New Ford Technical Support Center focused on motorsportsThu, 15 May 2014 00:00:00 -0700
Ford is opening a new technical and racing support center in Concord, N.C. The compound will be fully operational this summer, supporting racing teams as they develop and test their cars. The 33,000-square-foot building will eventually help in development of future Ford performance vehicles.
“Motorsports and product development at Ford are interlinked, and this new center will house advanced tools that will serve both our race teams and the development of future Ford performance vehicles,” said Raj Nair, group vice president, Ford global product development.
At first, the facility will focus on all three divisions of NASCAR teams, eventually expanding to other Ford Racing teams in other series.
Technical support will include:
Kinematics machine: This machine can test and measure suspension kinematics -- camber, toe, scrub and various loads with tires and springs. Race teams use this weekly to set up their front suspensions for different track configurations.
Chassis torsional twist rig: Used to quantify the chassis structurally in the torsional mode -- the key parameter for a chassis. It can be used to determine the entire torsional stiffness of the car, the stiffness of the chassis independently, or the influence of various components on the car.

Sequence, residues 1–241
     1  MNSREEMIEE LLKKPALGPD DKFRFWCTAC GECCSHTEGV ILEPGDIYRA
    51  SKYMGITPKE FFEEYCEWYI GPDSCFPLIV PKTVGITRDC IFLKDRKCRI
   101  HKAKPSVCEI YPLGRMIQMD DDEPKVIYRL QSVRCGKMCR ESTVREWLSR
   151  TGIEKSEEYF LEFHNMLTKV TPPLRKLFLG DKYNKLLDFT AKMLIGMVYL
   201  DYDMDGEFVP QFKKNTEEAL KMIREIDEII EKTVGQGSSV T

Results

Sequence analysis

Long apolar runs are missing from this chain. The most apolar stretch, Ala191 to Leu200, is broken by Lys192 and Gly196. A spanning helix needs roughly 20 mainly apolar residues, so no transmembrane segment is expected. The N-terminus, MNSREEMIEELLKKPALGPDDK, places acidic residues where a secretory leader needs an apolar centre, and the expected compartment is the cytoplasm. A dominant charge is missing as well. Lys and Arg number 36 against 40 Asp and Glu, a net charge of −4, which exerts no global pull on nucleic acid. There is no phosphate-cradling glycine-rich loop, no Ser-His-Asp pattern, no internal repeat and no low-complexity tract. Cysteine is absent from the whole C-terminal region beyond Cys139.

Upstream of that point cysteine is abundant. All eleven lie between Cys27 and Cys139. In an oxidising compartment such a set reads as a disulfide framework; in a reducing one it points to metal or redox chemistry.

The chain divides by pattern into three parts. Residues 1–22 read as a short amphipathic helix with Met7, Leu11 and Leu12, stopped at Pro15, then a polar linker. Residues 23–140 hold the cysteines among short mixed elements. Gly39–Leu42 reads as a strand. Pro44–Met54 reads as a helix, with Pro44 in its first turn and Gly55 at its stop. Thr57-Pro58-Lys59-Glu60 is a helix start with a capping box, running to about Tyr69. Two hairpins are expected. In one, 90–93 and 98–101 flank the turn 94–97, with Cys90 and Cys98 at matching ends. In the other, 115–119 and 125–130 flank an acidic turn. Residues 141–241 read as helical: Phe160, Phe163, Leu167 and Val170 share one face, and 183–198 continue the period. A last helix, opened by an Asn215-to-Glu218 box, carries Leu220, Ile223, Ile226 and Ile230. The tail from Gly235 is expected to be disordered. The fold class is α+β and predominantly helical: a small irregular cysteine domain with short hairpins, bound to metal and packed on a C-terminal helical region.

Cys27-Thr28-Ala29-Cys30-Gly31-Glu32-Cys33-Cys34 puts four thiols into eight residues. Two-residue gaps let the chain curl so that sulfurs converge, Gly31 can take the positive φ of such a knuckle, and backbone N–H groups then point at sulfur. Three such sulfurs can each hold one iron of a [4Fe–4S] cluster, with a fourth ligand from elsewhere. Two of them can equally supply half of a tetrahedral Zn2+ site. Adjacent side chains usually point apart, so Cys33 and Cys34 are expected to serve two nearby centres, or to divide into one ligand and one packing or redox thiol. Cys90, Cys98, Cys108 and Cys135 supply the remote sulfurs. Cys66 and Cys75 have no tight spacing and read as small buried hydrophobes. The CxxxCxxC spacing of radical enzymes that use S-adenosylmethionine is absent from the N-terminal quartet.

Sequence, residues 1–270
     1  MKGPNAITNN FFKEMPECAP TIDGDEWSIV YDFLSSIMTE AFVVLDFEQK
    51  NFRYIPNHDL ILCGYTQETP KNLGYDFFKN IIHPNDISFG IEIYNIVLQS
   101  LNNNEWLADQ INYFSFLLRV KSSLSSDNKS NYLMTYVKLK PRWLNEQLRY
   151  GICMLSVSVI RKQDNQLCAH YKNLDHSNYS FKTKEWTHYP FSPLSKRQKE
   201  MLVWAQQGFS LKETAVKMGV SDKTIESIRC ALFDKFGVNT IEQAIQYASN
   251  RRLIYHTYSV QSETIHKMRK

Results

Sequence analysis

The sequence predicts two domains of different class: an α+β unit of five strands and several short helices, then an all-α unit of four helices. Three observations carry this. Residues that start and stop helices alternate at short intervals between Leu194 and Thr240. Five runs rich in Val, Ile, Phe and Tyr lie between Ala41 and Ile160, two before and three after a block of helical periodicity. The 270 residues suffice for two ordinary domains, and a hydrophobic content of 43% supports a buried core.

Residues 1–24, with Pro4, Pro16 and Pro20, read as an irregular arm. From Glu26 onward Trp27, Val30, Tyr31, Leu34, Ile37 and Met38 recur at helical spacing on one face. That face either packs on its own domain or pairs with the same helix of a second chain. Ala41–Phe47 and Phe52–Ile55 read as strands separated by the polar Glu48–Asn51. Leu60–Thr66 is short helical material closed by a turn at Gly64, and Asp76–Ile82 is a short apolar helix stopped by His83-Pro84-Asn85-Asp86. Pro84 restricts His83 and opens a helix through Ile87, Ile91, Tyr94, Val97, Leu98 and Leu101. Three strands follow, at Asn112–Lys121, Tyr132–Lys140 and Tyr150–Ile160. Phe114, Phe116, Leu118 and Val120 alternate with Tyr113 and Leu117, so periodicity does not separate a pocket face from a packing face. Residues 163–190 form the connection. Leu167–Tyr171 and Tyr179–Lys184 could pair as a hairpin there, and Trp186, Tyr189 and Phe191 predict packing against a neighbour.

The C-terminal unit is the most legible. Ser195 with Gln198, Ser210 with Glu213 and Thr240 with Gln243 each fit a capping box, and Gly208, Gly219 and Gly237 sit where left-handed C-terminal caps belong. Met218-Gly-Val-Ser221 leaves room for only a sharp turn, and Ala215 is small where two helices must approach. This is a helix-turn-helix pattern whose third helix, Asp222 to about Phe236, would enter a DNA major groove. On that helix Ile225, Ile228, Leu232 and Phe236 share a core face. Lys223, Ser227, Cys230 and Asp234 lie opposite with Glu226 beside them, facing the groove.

Vehicle center of gravity machine: This is used to precisely measure the center of gravity height of a completed car. It can be used to quantify improvements over time. Race teams generally use the machine once a quarter to gauge progress and test their latest theories.
Coordinate measurement machine: This machine helps teams measure their components for quality control and build simulation models, which allows them to make sure their cars comply with regulations.
“We have enhanced our vehicle dynamics simulation tools to lead the development of Ford Racing cars in NASCAR and IMSA, as well as our street products,” said Nair. “The driving simulator will help us to push handling optimization to the next level so that our cars can be fast right off the trailer, allowing our teams to focus on fine-tuning changes when they get to the track.”
Hopefully the street car development area will be online before the next hot Focus comes around. We think it would be the perfect place to develop a new RS, for American soil.
By Jake Lingeman